When it comes to mRNA injections for COVID, Americans are 100% dependent on the FDA and vaccine manufacturers to assess and confirm purity and consistency. That might be okay if the testing methodologies that manufacturers and the FDA were still fully transparent, but they’re not anymore.
Not only are the test results confidential, even the methodology used hasn’t been made public. The world just has to take manufacturers’ word that there’s no contamination or variability with the mRNA sequence or its lipid nanoparticle components—even though published epidemiology data indicate otherwise.
Secrecy abounds despite the vaccine manufacturers receiving billions of U.S. taxpayer dollars to conduct their R&D efforts. Transparency should be non-partisan, especially when it comes to the quality of America’s pharmaceuticals.
On top of that, both the Trump and Biden administrations have proposed lifting COVID mRNA intellectual property rights for mRNA injections. Yet both the FDA and manufacturers are tightly protecting the ingredient information as proprietary/trade secret. But is it really appropriate to label it “proprietary/trade secret” if the research/development/product was funded with hundreds of millions of taxpayer dollars?
A transparent, publicly accountable FDA should be eager to prospectively test most or all of its regulated products for qualitative and quantitative consistency—and make those findings publicly available.
A transparent FDA would also share its testing methodology for mRNA COVID products for scientists who wish to confirm. But anyone trying to access this information will find it embargoed via an FDA report rendered useless by ludicrous redactions of not just the methodology, but the FDA’s critique of the methodology.
FIGURE 1: Around 75% of information from the official FDA Chemistry Manufacturing and Controls report are redacted to the point that nobody other than the FDA or manufacturers could ever independently test COVID mRNA shots using validated FDA testing methodology.
Without a list of ingredients or testing methodology, it is impossible for anyone else outside the FDA or manufacturers to know precisely how to check for product consistency. It is especially troublesome since new, preliminary data using independent methodology has produced troubling evidence of contamination in mRNA COVID product.
FDA’s Improper Quality Testing Methodology
Also troubling is the fact that in 2021, the FDA opted to start monitoring America’s pharmaceutical quality via a remote collection of “mailed-in” drug samples—a far less reliable process than testing samples directly collected at manufacturing plants or distribution points by FDA officials.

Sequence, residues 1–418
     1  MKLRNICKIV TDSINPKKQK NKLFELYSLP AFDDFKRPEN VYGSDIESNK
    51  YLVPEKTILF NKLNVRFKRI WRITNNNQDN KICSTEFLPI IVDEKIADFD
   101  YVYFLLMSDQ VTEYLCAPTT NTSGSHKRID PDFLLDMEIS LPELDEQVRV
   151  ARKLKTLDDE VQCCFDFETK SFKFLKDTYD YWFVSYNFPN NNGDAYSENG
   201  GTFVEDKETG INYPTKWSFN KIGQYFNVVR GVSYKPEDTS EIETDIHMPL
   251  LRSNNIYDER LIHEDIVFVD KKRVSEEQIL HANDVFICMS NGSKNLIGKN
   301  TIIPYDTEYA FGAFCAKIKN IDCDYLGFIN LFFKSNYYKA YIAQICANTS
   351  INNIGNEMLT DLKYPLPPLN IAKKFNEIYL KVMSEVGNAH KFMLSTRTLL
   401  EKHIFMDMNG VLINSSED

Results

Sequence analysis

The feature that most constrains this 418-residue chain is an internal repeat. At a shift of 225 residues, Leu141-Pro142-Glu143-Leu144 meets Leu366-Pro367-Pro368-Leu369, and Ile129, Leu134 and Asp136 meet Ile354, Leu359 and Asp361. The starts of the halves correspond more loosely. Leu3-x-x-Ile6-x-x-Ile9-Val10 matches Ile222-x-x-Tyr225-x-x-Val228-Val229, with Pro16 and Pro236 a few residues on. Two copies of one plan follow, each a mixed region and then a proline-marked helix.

This “mail-in” sampling methodology is absurd. It would be akin to a state health department monitoring restaurants by requesting them to periodically mail in various items from their menu to be tested for potential food-born contamination or asking restaurants to promise to test the items themselves.
Lack of Specific Dosing Transparency Has No Precedence
Unlike every other FDA-approved pharmaceutical, including a previously approved RNA-based products including patisiran (Onpattro®), none of the COVID injections provide the sequence, molecular weight and milligram strength on its official FDA package label. Normally, official FDA package labeling provides specifics of the actual ingredients in that volume, including the structure/sequence and specific concentration. That is not the case for COVID mRNA labels.
Look up whatever pharmaceuticals you can think of in the Drugs.com database, and you’ll see how all labels provide structure and/or molecular weight in their official package labeling. COVID mRNA shots are a conspicuous exception to the historical FDA approval practice and “truthful label” rule.
FIGURE 2: Blue = batches with a high number of adverse events reported.
Green = batches with a low number of events reported.
Yellow/Amber = batches with little or no adverse events reported, where each batch represents tens of thousands to hundreds of thousands of injections.
The study raises a number of critically important questions, which can’t begin to be answered without the consistency being verified beforehand—and “mail-in” sampling is not the way to do it.
Providing ingredient transparency and assuring quality via an appropriate sampling methodology is a core mission of the FDA. In fact, it was the primary reason for establishing the agency back in 1906. Americans today deserve complete transparency and improved quality control oversight when it comes to our pharmaceuticals. Our health may depend on it.
This piece originally appeared in RealClear Health